These mysteries of faith can’t be “solved” in a blog post. They can’t be “solved” as if they were a “problem” at all, can they? Most people of faith need to move beyond faith that solves problems into faith that is more about love – and we all know that love causes the delicious problems of being human as much as it solves them. So I have just a few beginning things to say which I hope will encourage people who are in the thick of some spiritual trauma. All the linked blog posts scattered around the page might help, too.

You may be at a point where your loss of faith feels unsolvable. At that point, living in faith often isn’t a matter of just being more determined or more “religious.” Jesus followers can become desperate while they are reading the Bible, when they are praying, after they are done volunteering and when they are trying to believe in the middle of a church meeting. They may be as devout and engaged as ever, only these pursuits no longer yield the clarity, confidence and comfort they once did.

I’ve met people who feel a barren, spiritual dryness. I often tell them that feeling is actually a sign of their faith, not merely their loss of it, since others, obviously, have already adapted to a barren spiritual landscape and feel it is normal. These dried-out people almost always feel burdened by a sense of failure – a secret feeling they dare not share or often dare not admit to themselves. They are grieving, feeling helpless about regaining what they’ve lost, and angry at themselves for not being faithful enough to conjure up belief that used to be easier. And they are often angry with God, too.

So what can you do right now?

If you’re in that place right now, I won’t pretend there’s any easy way out or a simple path back to faith. I can’t even promise that you’ll ever find your way back, at least not to what you used to call belief. It may be a very different experience for you in the future.

Sticking with prayer, Bible study or church attendance might provide anchors for your faith until the storm passes—but they might not. You might like to try psychotherapy to see if there is something in the way of your growth you don’t know about, or to provide some heavy-duty support while you are growing – maybe you aren’t up for that.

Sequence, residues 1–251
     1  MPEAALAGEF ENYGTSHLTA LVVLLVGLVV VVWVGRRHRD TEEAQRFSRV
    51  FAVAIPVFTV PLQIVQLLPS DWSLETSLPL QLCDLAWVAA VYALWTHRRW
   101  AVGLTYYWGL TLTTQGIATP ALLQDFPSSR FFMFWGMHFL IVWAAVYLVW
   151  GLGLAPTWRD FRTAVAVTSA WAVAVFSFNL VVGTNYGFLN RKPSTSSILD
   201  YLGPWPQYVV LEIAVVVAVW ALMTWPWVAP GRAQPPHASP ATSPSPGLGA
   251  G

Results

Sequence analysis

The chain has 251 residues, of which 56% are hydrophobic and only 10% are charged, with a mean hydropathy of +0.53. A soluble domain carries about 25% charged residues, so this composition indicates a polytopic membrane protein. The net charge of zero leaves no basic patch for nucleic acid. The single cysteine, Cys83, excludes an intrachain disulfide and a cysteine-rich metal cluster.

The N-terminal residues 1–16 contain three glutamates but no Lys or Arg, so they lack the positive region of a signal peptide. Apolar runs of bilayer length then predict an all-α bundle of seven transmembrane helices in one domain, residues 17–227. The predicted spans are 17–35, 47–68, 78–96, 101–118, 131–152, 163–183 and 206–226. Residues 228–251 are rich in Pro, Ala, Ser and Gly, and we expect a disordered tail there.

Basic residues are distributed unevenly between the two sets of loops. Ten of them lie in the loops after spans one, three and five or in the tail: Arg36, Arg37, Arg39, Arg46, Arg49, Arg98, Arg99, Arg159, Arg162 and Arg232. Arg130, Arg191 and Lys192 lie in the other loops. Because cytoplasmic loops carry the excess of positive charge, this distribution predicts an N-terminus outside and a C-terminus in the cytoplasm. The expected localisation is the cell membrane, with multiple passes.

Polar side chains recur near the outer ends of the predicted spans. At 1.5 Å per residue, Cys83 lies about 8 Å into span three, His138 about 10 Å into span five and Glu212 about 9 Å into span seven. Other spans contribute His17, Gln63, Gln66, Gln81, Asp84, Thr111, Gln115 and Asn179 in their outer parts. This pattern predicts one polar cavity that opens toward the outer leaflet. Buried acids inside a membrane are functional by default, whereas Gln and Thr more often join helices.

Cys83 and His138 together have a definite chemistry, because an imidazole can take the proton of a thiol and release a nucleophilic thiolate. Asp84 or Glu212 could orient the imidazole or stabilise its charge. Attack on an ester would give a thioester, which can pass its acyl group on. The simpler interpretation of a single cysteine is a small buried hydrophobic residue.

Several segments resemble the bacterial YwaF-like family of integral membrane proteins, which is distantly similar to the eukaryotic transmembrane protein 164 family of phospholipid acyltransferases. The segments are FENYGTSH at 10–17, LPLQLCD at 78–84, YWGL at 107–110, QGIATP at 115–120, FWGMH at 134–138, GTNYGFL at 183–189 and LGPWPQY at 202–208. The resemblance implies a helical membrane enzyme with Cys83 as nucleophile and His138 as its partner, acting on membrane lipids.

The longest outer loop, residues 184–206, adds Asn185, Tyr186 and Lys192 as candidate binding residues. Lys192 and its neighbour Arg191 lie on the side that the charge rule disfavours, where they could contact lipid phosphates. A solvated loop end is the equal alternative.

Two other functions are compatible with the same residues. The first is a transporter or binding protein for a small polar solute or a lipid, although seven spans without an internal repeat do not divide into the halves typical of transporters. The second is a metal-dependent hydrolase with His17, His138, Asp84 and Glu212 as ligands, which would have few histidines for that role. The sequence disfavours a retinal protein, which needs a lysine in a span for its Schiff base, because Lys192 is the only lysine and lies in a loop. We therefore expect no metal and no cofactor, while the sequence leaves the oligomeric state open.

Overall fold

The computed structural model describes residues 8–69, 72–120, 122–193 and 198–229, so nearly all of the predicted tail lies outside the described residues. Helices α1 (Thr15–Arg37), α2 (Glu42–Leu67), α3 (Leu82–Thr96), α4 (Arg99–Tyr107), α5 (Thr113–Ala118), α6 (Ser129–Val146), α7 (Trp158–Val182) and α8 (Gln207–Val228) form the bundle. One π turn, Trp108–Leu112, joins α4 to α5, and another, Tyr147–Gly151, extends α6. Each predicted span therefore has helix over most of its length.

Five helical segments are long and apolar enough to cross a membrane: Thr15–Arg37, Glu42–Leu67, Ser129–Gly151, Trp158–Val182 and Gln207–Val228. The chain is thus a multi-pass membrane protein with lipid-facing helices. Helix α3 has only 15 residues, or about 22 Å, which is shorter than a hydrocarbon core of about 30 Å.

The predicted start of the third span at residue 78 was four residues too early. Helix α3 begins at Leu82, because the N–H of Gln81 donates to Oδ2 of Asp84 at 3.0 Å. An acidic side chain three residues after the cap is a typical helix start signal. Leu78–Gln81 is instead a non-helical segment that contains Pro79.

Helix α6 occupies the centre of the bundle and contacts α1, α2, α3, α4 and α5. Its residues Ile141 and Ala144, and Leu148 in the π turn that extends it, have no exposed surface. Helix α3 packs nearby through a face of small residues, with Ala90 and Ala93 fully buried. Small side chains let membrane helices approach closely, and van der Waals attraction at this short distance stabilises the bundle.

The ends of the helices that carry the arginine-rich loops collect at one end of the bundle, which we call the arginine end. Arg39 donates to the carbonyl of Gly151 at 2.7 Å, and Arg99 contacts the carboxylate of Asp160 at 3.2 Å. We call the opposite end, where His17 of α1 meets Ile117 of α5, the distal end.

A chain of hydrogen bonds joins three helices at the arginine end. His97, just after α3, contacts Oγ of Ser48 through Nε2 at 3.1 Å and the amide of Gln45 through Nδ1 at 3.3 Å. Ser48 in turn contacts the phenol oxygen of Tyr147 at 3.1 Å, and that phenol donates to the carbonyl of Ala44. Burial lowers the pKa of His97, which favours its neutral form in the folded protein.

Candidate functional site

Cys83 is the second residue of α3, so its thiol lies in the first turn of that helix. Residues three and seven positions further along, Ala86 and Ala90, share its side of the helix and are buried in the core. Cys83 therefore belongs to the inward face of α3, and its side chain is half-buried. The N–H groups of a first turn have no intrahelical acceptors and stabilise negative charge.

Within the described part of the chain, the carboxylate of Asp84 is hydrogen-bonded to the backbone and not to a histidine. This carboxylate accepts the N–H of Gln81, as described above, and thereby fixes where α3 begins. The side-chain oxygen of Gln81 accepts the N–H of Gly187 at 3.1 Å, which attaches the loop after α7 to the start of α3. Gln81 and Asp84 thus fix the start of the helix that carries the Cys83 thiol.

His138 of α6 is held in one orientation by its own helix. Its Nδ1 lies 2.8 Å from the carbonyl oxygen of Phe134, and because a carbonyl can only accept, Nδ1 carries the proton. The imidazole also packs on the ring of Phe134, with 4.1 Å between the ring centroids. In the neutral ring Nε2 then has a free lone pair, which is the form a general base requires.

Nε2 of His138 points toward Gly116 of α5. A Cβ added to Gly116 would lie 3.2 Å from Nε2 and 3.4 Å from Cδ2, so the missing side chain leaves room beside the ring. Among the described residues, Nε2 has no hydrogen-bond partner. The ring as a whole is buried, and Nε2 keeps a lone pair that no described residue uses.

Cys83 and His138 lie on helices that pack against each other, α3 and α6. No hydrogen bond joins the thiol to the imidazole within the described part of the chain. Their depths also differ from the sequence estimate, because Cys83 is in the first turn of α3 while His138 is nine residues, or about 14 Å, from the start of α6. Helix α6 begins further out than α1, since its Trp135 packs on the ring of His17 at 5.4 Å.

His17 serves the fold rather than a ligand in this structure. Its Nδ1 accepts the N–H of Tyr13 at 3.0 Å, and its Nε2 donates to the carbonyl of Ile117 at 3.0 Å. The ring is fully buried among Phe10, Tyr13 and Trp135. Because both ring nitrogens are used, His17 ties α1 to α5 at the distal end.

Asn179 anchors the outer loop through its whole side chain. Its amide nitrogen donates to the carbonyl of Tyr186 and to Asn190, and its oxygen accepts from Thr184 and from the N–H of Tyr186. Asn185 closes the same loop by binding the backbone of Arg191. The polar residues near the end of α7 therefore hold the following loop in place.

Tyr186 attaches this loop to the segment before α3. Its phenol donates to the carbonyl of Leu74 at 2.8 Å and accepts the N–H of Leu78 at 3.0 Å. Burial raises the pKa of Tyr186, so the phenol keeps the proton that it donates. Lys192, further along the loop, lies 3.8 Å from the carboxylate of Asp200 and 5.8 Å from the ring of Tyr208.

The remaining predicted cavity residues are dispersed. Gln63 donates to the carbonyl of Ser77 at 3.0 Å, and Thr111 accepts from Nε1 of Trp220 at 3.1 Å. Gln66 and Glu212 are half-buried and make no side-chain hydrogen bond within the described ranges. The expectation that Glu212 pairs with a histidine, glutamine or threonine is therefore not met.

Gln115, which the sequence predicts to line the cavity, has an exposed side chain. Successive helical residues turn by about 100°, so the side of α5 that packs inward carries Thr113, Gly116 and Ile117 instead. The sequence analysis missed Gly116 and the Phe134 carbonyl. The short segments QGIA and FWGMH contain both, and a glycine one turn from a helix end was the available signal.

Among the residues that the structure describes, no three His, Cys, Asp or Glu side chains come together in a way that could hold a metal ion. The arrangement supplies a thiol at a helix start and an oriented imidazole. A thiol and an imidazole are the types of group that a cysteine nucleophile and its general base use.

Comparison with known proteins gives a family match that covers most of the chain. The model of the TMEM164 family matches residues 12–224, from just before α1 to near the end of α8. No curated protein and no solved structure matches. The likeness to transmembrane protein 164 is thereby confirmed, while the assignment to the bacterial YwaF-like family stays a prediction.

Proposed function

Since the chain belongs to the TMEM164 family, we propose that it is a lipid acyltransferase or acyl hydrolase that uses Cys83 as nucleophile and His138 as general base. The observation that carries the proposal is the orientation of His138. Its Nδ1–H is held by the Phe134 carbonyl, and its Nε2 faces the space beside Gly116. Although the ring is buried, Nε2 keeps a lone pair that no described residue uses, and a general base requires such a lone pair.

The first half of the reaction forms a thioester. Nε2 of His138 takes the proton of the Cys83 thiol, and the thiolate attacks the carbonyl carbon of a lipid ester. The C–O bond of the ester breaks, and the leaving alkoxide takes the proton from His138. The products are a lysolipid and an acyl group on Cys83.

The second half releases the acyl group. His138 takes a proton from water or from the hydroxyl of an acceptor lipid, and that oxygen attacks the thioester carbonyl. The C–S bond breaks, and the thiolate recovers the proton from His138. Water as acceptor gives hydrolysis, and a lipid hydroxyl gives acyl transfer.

Maybe the process should be more about what’s right in front of you, for now — about what you can see and hear and touch and smell and taste. Maybe the best thing you can do right now is to experience all of the things that you can know, and simply receive them with gratitude: a delicious meal, the evening breeze, some music that moves you, the laughter of your best friend, the depth of a relationship, the smell of your baby’s head.

Maybe just accepting these great, pure, measurable gifts and presently cherishing them is all the faith you are able to have right now, and that will have to be OK. Maybe that’s as close to proving God’s goodness as you can get. To simply live and to find gratitude in the living is itself a spiritual pursuit; it is on the holiness spectrum. And as you do this, you may find that this contentment is a pathway back to the hope you’ve lost. It may clear the road to God that has been cluttered by sadness, disappointment, doubt, and your worn-out religion.

But maybe you shouldn’t worry about whether the gratitude gets you somewhere right now. We’re good at turning simple goodness into a means to an end – gratitude is not a result to achieve or another religious exercise to evaluate. Try receiving the goodness and pleasures of this day and allow them to speak to you and surprise you. People have often found the beginning of a new season of faith there.

As you are working at finding a new center, keep noting when you feel guilty. Guilt is good for turning us from bad behavior, but it needs to be checked when it makes us feel like a worthless person. Talk back to that voice in your head that tells you you’re terrible and don’t worry about what you think people are saying about you. You’re the one walking this road and you understand it in ways they never will. Maybe most of all, don’t worry about God. God is big enough to handle your doubts, fears and failures and knows exactly what you’re going through and why believing is such a struggle right now.

You may have indeed lost your faith or you may have just lost your way a bit. Either way, this might be a good time to breathe, to look around and to find joy in what is right beside you and all around you as your journey continues. If that is all the faith you can muster right now, let it be.

Suggested by John Pavlovitz

Most read posts in 2018

I think there are a lot of good writers out there these days. So I am grateful that you take the time to visit my blog. I gained a few subscribers this year, which was heartening, since I’d like to share what God gives me with whoever needs it.

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The next ten titles are my “top ten” for 2018

The Shape of Water: Enough already! – I react to the philosophy behind what was later named best picture.

The beginning of Joshua – My hope for my friend’s future.

Trump tempts Jesus-followers with the worst: revenge, lies, division – I consider our toxic political environment

A way Christians and Buddhists can be friends – Tim Geoffrion leads me to consider the Blenders, the Borrowers and the Inspired.